With names like Maayan & Maxim, their wedding was never going to be boring. This Israeli couple were married at Hamirpese, a bar in Ramat Ishay, North Israel. Their wedding was laid back, fun and quirky as you like.
“One of our guidelines for our wedding was to find vendors who we could connect with and who understood our vibe and the feeling we wanted to create”, Maayan explained. “Good chemistry and communication were really important to us. We got all our vendors through friend recommendations.”
“In terms of budget we didn’t go overboard. We waned to maximise our money and get the best of it. For example my wedding dress only cost $230 but still I was overrun with compliments about it on the day! It seemed excessive to spend so much money on a custom made dress just for a single day. I didn’t buy any special jewellery. I used earrings that I already had. The most important things to us were good food, lots of alcohol and a great venue.”
If your wedding dream is to literally party all night, then Mack & Danielle’s wedding is gonna be the one for you. These crazy cats partied until 10am the next morning, including an impromptu early morning photo session on the beach! The destination wedding was held at Gan Achuza in Beit Hanan, Israel. “We booked this venue for its natural setting in an orange grove on a hill, with a magnificent view”, Danielle wrote. “Having spent 3 days travelling up and down the country visiting over 16 venues, the minute we walked into Achuza we knew it was where we wanted to get married. If people were flying all the way from the UK, the US and South Africa, many of whom had never been to Israel before, we really wanted a wedding venue that would take in the incredible land. Another massive plus was the sheer beauty of the chuppah (canopy under which Jews must be wed). Our chuppah was made out of 4 trees that had all grown their branches and leaves into one and other. It all felt very symbolic.”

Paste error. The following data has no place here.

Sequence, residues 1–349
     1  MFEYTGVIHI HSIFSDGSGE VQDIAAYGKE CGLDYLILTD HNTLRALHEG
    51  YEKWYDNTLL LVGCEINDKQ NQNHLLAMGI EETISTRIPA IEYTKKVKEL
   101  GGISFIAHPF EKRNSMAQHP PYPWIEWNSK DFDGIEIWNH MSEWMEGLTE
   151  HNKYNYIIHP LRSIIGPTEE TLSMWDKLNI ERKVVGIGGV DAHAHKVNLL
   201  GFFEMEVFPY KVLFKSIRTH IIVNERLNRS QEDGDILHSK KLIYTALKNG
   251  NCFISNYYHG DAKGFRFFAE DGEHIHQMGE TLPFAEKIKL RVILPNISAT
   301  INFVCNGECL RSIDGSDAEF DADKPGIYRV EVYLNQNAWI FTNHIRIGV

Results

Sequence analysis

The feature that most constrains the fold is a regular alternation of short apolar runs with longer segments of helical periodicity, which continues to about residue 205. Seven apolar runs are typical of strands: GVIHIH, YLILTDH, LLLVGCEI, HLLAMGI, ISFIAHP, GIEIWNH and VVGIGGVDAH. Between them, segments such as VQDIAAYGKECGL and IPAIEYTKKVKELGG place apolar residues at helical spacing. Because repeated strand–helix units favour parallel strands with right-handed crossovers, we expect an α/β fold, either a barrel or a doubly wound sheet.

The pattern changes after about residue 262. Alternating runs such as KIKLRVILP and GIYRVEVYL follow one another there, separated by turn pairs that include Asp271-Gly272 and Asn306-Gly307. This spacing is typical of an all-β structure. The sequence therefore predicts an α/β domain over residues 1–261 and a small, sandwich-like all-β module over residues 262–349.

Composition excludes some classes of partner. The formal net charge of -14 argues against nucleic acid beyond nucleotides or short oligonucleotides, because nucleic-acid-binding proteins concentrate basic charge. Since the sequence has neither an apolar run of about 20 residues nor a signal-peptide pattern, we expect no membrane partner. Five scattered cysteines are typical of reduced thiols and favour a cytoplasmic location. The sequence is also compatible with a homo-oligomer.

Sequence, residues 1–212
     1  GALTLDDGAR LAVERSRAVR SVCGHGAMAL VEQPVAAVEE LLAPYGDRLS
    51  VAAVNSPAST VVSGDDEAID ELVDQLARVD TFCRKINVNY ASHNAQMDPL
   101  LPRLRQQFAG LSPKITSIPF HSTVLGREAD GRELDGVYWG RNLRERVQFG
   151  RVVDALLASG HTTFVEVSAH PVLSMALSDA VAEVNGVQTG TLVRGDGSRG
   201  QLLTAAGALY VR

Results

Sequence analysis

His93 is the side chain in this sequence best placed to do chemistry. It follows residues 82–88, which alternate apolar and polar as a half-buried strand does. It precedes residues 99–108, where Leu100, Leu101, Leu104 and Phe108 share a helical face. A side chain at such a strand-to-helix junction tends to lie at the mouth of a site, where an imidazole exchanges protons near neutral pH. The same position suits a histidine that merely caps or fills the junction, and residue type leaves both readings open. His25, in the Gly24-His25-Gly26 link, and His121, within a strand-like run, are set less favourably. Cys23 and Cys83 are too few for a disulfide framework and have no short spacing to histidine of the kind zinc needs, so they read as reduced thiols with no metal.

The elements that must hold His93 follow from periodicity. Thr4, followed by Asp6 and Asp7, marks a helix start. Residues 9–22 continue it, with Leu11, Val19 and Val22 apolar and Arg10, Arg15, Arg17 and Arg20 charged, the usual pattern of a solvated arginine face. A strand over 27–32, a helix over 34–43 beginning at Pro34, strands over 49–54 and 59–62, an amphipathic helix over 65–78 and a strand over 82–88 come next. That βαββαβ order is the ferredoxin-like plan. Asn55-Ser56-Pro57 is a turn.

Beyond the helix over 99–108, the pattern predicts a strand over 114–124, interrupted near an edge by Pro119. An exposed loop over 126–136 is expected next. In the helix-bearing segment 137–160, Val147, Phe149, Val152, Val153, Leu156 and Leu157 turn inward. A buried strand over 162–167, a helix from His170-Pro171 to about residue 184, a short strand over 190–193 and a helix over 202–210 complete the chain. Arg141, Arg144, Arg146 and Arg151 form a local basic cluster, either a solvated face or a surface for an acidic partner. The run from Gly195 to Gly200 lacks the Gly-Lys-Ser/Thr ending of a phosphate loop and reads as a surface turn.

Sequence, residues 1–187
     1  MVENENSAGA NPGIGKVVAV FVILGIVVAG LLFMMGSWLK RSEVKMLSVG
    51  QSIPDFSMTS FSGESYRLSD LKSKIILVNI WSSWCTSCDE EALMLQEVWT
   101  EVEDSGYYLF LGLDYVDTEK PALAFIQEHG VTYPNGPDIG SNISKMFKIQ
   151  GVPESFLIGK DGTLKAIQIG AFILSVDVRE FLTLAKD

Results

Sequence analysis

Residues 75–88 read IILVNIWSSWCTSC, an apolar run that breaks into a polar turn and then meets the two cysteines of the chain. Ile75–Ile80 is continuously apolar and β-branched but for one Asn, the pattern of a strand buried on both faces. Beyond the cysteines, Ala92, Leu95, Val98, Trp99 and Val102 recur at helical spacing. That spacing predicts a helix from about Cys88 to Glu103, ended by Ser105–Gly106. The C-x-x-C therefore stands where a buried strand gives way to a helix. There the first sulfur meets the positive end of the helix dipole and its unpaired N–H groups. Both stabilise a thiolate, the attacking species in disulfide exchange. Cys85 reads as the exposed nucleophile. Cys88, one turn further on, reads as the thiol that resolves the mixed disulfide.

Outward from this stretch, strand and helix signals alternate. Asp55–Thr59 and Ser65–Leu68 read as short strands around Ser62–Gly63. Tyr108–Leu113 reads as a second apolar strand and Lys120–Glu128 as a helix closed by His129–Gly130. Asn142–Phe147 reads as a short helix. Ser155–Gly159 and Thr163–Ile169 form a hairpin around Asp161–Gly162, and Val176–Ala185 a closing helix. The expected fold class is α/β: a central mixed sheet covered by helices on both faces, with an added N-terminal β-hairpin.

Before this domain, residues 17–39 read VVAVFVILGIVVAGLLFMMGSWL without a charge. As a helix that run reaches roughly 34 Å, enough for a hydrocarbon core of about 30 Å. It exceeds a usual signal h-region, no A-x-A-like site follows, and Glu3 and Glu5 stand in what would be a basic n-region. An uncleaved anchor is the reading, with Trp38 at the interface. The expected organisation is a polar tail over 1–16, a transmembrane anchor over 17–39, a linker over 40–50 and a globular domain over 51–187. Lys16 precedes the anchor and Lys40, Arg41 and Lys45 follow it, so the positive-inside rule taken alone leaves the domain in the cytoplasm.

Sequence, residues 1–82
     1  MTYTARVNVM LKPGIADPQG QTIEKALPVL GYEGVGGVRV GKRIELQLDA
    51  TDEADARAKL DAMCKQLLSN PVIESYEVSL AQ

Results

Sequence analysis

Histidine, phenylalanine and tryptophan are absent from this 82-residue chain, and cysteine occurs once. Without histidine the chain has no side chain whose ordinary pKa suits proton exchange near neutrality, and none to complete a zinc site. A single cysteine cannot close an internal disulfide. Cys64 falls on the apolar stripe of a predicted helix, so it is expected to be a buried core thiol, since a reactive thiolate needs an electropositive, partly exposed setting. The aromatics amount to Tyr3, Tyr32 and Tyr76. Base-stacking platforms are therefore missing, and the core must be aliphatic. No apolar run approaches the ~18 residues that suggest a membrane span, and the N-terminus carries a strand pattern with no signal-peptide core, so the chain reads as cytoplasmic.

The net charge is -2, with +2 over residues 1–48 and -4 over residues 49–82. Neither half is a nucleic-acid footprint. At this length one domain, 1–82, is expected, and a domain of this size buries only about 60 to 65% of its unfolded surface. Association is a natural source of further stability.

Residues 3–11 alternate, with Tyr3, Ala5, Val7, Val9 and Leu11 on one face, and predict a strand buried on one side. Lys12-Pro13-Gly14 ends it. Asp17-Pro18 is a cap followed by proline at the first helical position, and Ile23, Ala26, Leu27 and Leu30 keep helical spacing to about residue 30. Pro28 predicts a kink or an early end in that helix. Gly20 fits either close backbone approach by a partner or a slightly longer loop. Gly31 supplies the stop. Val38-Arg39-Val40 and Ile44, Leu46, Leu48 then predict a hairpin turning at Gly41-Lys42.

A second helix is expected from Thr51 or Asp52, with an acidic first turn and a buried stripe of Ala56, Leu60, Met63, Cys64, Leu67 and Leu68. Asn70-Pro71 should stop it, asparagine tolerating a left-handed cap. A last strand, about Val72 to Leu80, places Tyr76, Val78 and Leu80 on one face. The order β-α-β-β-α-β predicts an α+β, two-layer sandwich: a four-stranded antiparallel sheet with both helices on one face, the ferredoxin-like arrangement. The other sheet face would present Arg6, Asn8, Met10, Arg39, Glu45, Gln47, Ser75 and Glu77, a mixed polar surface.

The Jewish wedding had many important traditions, and these were some of the most special parts of the day for the couple. “It’s really hard to decide on my favourite part of our day!” continued the bride. “The most intense part for both of us was definitely the ‘Beddeken’. At Jewish weddings, the groom must check the bride before veiling her, to make sure that she is indeed the correct bride! We had not seen or spoken to each other for 3 days so seeing each other for the first time was very emotional. It was a very highly charged few hours of waiting, and then when he was finally danced into my room by all his friends, I could not help but break down a little. It was an incredible moment, knowing that this was it! We were going to become family!!”